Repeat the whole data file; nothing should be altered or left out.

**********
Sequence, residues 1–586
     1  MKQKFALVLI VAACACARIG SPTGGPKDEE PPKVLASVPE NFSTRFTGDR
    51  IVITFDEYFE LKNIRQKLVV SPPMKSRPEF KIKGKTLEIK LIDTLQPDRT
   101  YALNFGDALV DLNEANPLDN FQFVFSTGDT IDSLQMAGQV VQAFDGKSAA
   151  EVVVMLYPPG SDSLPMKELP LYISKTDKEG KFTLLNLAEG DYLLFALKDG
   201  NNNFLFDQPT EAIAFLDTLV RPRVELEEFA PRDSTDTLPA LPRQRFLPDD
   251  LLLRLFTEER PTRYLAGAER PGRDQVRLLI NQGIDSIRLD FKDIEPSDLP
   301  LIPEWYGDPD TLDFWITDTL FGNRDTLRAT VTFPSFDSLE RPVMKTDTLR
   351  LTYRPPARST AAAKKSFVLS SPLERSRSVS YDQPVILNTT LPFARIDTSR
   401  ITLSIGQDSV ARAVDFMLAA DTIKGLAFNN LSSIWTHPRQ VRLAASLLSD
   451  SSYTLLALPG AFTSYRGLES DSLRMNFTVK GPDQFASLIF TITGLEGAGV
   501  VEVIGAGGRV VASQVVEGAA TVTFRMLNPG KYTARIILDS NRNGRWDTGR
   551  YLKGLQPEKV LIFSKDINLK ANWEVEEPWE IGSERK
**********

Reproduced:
Sequence, residues 1–586
     1  MKQKFALVLI VAACACARIG SPTGGPKDEE PPKVLASVPE NFSTRFTGDR
    51  IVITFDEYFE LKNIRQKLVV SPPMKSRPEF KIKGKTLEIK LIDTLQPDRT
   101  YALNFGDALV DLNEANPLDN FQFVFSTGDT IDSLQMAGQV VQAFDGKSAA
   151  EVVVMLYPPG SDSLPMKELP LYISKTDKEG KFTLLNLAEG DYLLFALKDG
   201  NNNFLFDQPT EAIAFLDTLV RPRVELEEFA PRDSTDTLPA LPRQRFLPDD
   251  LLLRLFTEER PTRYLAGAER PGRDQVRLLI NQGIDSIRLD FKDIEPSDLP
   301  LIPEWYGDPD TLDFWITDTL FGNRDTLRAT VTFPSFDSLE RPVMKTDTLR
   351  LTYRPPARST AAAKKSFVLS SPLERSRSVS YDQPVILNTT LPFARIDTSR
   401  ITLSIGQDSV ARAVDFMLAA DTIKGLAFNN LSSIWTHPRQ VRLAASLLSD
   451  SSYTLLALPG AFTSYRGLES DSLRMNFTVK GPDQFASLIF TITGLEGAGV
   501  VEVIGAGGRV VASQVVEGAA TVTFRMLNPG KYTARIILDS NRNGRWDTGR
   551  YLKGLQPEKV LIFSKDINLK ANWEVEEPWE IGSERK